In the countryside outside Dublin, the river Blackwater turns the colossal water wheel of Martry Mill, spinning rumbling cogs and grinding stones that produce flour to feed coronavirus crisis demand.
“We could work 24 hours a day,” said owner James Tallon, 64, the fourth generation in his family to operate the traditional wholemeal mill outside Kells in County Meath, eastern Ireland.
“Even our local supermarkets that maybe sold five cases of flour in a week could now sell 50 cases of flour if we could supply it.”
Ireland has been in lockdown since March 28 and 1,102 people have died after testing positive for COVID-19, according to the latest statistics.
Pent up in their homes, many Irish people have turned to baking to pass the time.
Supermarkets have been regularly stripped of flour, with some enforcing limits on purchases per customer, and producers have been forced to ramp up output.
Rising to the occasion
At the Martry Mill, which dates back to 1641, Tallon and his son are now grinding flour at full capacity for bakeries, supermarkets and shops around County Meath.
The water wheel powers a puzzle of cogs inside the mill, which is filled with the sound of production, the odor of seasoned wood — and a fine white dust.
On the first floor, a steady ribbon of grain is fed between lumbering millstones.
The rough flour falls down a level where it is sifted and then scooped into paper parcels by Tallon’s son, who stands ready in white overalls and a cap.
In this way, the Martry Mill is now producing between 1.0 to 1.5 tonnes of flour each day — more than 500 two-kilogram (4.4-pound) bags.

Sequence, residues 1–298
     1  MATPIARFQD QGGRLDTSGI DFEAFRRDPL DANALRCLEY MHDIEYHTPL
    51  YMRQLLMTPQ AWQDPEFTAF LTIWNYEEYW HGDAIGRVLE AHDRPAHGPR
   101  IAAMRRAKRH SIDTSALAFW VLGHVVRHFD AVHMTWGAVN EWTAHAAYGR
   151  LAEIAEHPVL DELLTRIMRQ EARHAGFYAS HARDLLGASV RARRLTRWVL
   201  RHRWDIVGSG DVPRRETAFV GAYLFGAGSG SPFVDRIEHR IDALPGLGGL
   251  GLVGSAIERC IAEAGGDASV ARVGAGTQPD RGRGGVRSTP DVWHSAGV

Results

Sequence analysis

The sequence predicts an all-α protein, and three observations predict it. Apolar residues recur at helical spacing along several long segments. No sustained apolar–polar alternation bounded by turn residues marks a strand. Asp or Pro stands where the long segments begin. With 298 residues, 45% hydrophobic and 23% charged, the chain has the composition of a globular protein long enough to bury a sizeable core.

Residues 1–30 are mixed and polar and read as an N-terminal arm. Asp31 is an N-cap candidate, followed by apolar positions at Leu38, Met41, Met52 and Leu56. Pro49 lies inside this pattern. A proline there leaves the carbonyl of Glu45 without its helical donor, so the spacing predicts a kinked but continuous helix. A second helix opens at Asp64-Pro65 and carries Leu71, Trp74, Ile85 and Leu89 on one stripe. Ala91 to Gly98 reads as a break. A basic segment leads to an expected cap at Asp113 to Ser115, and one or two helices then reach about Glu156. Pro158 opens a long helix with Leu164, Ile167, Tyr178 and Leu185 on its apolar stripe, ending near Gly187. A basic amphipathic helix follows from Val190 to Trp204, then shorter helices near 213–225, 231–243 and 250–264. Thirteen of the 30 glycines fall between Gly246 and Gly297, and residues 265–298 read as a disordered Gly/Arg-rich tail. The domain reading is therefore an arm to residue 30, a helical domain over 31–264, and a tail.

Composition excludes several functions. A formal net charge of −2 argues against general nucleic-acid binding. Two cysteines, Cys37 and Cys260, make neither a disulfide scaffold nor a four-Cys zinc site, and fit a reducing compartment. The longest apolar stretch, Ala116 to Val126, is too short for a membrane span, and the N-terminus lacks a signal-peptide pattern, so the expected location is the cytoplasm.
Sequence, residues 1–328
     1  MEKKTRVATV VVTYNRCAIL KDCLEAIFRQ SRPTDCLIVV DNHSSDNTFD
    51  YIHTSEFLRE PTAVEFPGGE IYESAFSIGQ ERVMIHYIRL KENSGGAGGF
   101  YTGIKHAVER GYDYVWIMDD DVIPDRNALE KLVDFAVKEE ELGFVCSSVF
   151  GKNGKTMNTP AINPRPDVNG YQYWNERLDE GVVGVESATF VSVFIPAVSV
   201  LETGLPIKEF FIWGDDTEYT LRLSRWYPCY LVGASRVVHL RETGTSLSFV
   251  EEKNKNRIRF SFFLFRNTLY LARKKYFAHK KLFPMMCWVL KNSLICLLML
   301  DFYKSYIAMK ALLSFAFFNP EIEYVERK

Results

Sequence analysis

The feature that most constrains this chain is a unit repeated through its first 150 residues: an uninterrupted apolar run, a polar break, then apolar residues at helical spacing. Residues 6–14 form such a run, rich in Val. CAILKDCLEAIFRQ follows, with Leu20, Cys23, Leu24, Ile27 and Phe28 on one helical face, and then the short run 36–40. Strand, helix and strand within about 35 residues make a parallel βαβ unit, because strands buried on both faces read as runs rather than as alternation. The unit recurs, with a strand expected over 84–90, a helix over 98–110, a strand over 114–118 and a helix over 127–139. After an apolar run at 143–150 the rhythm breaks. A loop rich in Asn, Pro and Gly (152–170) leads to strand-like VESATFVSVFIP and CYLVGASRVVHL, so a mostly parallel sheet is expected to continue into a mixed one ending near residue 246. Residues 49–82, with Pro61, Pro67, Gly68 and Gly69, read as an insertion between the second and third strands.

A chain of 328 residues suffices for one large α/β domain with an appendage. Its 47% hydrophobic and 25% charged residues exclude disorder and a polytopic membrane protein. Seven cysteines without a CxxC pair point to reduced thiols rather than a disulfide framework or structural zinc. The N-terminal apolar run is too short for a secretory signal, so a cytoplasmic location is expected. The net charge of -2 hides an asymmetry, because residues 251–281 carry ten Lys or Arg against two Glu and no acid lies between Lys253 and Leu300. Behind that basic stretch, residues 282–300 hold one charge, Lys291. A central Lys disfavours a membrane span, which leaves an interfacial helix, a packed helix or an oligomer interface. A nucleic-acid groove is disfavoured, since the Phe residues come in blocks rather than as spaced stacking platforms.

“Pre the COVID thing, we’d be lucky to do that amount in maybe two weeks,” Tallon told AFP.
He said the situation was reminiscent of stories his father had told him about the mill working continuously during the world wars — tales he had taken with “a pinch of salt” until now.
Larger scale Irish operations like the firm Odlums, which produces a range of 120 baking products from its industrial mill southwest of Dublin are also seeing “unprecedented demand”.
“The dedicated team in our Portarlington mill are working around the clock,” the firm said in a notice to customers.
Meanwhile, social media is awash with users sharing triumphant images of their lockdown baking creations.
‘Life goes in circles’
Tallon has a theory about the popularity of baking in times of crisis.
“Time has become a commodity that people now have that they didn’t have before,” he said. “They were so busy running, chasing, going.
“When they actually stand back and look at life now they realize that home baking, home food, quality food at home, it’s actually much cheaper and it’s actually much better for you.
“There’s much more pleasure to be got from actually making your own bread, and kneading your bread, and baking it in the oven, and the smell that that creates in the house.”
Ireland’s lockdown is due to last until May 5, although many measures are likely to be extended further.
Those sheltering at home can find succor in the small comforts, and perhaps the wisdom of Tallon’s own father, who told him how the good times will always come again.
“He described life as like the water wheel itself,” said Tallon.
“He said life goes in full circles.” NVG
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